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Pigasus Awards 2004 PDF Print E-mail
Written by Jeff Wagg   
Pigasus

2004 Award recipients

Category #1: Scientist who said or did the silliest thing related to the supernatural:
We vote for Dr. Rogerio Lobo, professor/chairman of the department of obstetrics and gynecology at Columbia University. He co-signed a paper titled, "Does Prayer Influence the Success of in Vitro Fertilization-Embryo Transfer" published in the Journal of Reproductive Medicine (JRM). It was written by Dr. Kwang Cha, once head of Columbia's fertility center, and a lawyer, Daniel Wirth, who had no medical credentials. The paper, incredibly, concluded that women in South Korea who had received in vitro fertilization were twice as likely to conceive if they had been prayed for by Christians who were thousands of miles away. Dr. Lobo's endorsement was largely responsible for the paper's acceptance for publication, then he revealed that actually he'd only "reviewed and edited" the material, having been asked to sign it well after the research had already been done and evaluated. Wirth, who has a 20-year legal record of fraud, has now been sentenced to five years in Federal prison for financial improprieties unrelated to the Columbia study. Columbia has quietly withdrawn the name of Dr. Lobo as the lead scientist of the project; he will make no comments to the media. The JRM still supports the study, and still carries the paper in their records.


Category #2: Funding organization that supported the most useless study
We honor the United States Air Force Research Laboratory, who paid $25,000 to Dr. Eric W. Davis (PhD, FBIS) at a Las Vegas company called Warp Drive Metrics to study the "conveyance of persons by psychic means" and "transport through extra space dimensions or parallel universes." For their/our money, the USAF received a 78-page report, "Teleportation Physics Study," a mass of mathematical calculations and diagrams with much dissertation on "wormholes" and "parallel universes." An annual expenditure of some $7 million on this project was recommended by the report, since Warp Drive Metrics concluded that: "We are still very far away from being able to entangle and teleport human beings and bulk inanimate objects." Really? Who knew?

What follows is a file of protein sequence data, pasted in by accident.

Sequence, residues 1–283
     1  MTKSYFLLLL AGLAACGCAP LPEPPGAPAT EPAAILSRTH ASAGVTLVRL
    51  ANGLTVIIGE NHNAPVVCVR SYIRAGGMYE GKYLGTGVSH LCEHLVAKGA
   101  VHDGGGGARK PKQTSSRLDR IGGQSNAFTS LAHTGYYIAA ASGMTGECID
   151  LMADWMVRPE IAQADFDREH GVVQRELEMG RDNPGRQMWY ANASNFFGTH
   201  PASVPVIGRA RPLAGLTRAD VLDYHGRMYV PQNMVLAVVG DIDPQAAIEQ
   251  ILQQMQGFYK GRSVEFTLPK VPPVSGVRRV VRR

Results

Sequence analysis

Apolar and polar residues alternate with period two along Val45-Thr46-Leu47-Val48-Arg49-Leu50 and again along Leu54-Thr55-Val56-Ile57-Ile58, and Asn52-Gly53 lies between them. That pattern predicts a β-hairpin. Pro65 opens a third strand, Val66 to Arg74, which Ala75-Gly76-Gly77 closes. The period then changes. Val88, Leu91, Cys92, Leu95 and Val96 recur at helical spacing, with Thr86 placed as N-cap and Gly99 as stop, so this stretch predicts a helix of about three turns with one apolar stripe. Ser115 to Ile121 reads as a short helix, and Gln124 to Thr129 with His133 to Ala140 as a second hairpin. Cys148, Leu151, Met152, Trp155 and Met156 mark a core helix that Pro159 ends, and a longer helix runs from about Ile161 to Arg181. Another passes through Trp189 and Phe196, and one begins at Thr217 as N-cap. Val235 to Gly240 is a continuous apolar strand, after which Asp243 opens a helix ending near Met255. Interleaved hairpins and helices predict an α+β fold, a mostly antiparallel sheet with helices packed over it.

Category #3: Media outlet that reported as factual the most outrageous claim
The prize goes to the film "What the #$*! Do We Know?," a fantasy docudrama cult hit supposedly about the "nature of reality." More than a dozen scientists, theologians and mystics appear. However, the product placement reveals that among the physicists, neurologists and academics who expound the film's thesis is "new age" icon J.Z. Knight, who claims to be channeling a 35,000-year-old god/warrior from Atlantis named Ramtha. The films' producers, writers, directors, and some of the stars are members of the Ramtha School of Enlightenment in Washington State. Several of the scientists are affiliated with Knight's school, and the film was largely financed by one of Knight's students. It's a blatant effort by religious, mystical, and New Age gurus such as Deepak Chopra to disguise their views as real science. Thrown in are the fantasies of Masura Emoto, who claims to have proven that thoughts can change the structure of water; his "experiments" consist of taping written words to glasses of water. The "Maharishi Effect" — an equally vacuous notion, is also offered. A rampant example of abuse by charlatans and cults, it is still filling theatres all over the world.

Full details (Here)


Category #4: The "psychic" performer who fooled the greatest number of people
This craved category is won for 2004 by that persistently wrong psychic, prophet, seer, and visionary, Sylvia Browne. In July of 2004, Sylvia said that Osama Bin Laden was dead, but we've since seen a video released three months after that mentioning Bush and Kerry, proving when it was made. Wrong. (Remember that she'd also predicted that Saddam Hussein would be found dead before the end of 2003. Wrong.) In October of 2003 she said that Yellowstone Park would erupt between January and March of 2004. Wrong. We could go on and on, but suffice it to say that Ms. Browne easily wins this